static let global = MyType()
}

Flatten a completion block

This is where GCD starts to get interesting. Using a semaphore, we can block a thread for an arbitrary amount of time, until a signal from another thread is sent. Semaphores, like the rest of GCD, are thread-safe, and they can be triggered from anywhere.

Semaphores can be used when there’s an asynchronous API that you need to make synchronous, but you can’t modify it.

// on a background queue
let semaphore = DispatchSemaphore(value: 0)
doSomeExpensiveWorkAsynchronously(completionBlock: {
	semaphore.signal()
})
semaphore.wait()
//the expensive asynchronous work is now done

Calling .wait() will block the thread until .signal() is called. This means that .signal() must be called from a different thread, since the current thread is totally blocked. Further, you should never call .wait() from the main thread, only from background threads.

You can also pass a timeout to wait(), but I’ve never needed to use one in practice.

It might not be totally obvious why would you want to flatten code that already has a completion block, but it does come in handy. One case where I’ve used it recently is for performing a bunch of asynchronous tasks that must happen serially. A simple abstraction for that use case could be called AsyncSerialWorker:

typealias DoneBlock = () -> ()
typealias WorkBlock = (DoneBlock) -> ()

class AsyncSerialWorker {
    private let serialQueue = DispatchQueue(label: "com.khanlou.serial.queue")

    func enqueueWork(work: @escaping WorkBlock) {
        serialQueue.async(execute: {
            let semaphore = DispatchSemaphore(value: 0)
            work({
                semaphore.signal()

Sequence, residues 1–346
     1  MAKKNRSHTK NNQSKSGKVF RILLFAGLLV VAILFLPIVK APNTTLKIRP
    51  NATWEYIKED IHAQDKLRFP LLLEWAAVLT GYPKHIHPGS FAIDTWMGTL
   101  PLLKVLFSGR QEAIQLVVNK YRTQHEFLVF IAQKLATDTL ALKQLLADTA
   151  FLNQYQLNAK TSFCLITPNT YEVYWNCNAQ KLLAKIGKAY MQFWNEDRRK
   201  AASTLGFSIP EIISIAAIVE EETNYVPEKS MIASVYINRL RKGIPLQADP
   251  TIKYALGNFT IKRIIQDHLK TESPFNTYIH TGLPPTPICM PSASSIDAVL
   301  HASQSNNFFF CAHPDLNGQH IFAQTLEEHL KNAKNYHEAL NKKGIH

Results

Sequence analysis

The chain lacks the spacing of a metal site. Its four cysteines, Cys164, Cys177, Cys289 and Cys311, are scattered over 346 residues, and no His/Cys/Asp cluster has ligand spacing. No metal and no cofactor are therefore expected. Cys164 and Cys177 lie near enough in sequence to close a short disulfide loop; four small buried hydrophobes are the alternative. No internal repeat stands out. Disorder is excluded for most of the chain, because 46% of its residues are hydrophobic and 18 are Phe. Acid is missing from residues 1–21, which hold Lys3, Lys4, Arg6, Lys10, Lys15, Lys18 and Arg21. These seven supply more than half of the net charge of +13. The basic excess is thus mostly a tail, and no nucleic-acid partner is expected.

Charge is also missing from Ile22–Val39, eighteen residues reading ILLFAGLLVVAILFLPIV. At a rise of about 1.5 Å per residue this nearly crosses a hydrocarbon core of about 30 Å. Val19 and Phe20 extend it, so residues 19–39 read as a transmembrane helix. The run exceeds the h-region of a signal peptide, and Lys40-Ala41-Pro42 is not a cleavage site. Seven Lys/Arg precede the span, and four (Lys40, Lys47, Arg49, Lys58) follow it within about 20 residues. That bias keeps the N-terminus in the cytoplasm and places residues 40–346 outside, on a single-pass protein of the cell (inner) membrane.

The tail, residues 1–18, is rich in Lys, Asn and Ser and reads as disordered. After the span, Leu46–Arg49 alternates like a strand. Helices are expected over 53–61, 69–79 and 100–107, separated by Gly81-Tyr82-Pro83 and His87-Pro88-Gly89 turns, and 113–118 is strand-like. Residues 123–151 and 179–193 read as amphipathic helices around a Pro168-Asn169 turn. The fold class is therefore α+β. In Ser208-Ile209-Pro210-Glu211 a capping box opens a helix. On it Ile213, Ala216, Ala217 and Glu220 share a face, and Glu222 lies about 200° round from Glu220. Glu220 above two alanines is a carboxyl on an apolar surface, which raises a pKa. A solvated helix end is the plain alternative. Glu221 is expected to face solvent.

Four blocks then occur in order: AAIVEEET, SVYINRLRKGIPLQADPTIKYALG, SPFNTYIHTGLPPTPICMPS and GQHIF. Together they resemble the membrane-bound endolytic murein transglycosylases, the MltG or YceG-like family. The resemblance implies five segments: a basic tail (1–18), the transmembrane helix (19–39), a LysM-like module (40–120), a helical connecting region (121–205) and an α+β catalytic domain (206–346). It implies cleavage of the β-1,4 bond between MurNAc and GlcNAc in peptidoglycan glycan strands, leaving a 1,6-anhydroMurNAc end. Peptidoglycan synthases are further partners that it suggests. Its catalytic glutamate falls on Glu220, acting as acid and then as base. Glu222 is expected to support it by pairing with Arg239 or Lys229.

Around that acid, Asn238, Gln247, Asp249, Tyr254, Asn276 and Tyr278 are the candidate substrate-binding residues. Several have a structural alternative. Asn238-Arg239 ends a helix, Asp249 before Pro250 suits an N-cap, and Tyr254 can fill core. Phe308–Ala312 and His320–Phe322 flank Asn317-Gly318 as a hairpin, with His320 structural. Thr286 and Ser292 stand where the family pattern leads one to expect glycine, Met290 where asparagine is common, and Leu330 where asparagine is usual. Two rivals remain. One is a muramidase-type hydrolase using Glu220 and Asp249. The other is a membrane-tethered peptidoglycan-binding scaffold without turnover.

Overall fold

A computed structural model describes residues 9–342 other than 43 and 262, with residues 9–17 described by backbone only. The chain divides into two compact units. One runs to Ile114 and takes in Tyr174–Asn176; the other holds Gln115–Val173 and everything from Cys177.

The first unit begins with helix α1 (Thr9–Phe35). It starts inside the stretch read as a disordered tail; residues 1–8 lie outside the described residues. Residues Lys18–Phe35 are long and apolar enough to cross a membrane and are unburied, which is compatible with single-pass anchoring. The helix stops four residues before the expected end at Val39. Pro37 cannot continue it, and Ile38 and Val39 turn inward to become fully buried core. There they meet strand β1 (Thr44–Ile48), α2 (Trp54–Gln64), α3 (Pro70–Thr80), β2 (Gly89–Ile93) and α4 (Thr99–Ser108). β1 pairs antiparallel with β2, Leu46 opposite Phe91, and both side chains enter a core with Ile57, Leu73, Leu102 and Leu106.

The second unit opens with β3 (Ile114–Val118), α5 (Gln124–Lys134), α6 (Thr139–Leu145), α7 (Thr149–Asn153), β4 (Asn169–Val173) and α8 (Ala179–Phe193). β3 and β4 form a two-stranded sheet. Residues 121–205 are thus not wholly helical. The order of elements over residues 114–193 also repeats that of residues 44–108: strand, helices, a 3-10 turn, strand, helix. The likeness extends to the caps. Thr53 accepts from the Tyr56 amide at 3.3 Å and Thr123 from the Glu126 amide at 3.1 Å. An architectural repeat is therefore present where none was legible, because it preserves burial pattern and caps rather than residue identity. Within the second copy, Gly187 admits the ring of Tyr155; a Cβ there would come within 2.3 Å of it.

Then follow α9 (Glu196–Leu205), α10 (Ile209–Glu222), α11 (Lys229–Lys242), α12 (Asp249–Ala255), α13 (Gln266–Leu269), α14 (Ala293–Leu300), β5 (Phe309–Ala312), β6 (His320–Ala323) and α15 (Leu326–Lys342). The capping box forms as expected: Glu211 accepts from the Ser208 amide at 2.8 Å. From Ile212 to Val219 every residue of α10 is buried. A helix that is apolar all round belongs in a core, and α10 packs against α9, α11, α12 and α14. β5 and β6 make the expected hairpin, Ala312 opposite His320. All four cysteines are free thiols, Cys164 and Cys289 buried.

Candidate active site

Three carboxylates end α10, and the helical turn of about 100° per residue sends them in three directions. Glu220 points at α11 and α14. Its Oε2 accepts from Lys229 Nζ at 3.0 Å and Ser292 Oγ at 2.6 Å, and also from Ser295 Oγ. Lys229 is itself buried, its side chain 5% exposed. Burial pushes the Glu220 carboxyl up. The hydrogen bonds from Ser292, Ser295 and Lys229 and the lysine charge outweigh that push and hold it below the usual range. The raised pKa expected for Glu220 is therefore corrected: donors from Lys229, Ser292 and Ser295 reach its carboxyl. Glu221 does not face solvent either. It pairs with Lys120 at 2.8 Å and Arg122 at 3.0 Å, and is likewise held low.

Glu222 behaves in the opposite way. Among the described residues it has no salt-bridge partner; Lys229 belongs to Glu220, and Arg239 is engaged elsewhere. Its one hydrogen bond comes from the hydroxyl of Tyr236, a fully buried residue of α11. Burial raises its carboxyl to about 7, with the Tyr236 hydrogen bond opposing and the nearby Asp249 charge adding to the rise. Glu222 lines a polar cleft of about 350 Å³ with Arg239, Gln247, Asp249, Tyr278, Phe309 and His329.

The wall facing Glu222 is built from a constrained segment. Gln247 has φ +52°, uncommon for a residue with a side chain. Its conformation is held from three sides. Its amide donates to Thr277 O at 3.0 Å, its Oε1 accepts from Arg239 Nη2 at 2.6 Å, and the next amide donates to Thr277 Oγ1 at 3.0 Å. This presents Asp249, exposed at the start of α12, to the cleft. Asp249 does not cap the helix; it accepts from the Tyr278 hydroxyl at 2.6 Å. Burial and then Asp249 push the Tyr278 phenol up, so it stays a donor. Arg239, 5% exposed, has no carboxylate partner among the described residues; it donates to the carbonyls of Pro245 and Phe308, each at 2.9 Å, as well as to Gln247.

})
            semaphore.wait()
        })
    }
}

This small class creates a serial queue, and then allows you enqueue work onto the block. The WorkBlock gives you a DoneBlock to call when your work is finished, which will trip the semaphore, and allow the serial queue to continue.

Limiting the number of concurrent blocks

In the previous example, the semaphore is used as a simple flag, but it can also be used as a counter for finite resources. If you want to only open a certain number of connections to a specific resource, you can use something like the code below:

class LimitedWorker {
    private let serialQueue = DispatchQueue(label: "com.khanlou.serial.queue")
    private let concurrentQueue = DispatchQueue(label: "com.khanlou.concurrent.queue", attributes: .concurrent)
    private let semaphore: DispatchSemaphore

    init(limit: Int) {
        semaphore = DispatchSemaphore(value: limit)
    }

    func enqueue(task: @escaping () -> ()) {
        serialQueue.async(execute: {
            self.semaphore.wait()
            self.concurrentQueue.async(execute: {
                task()
                self.semaphore.signal()
            })
        })
    }
}

This example is pulled from Apple’s Concurrency Programming Guide. They can explain what’s happening here better than me: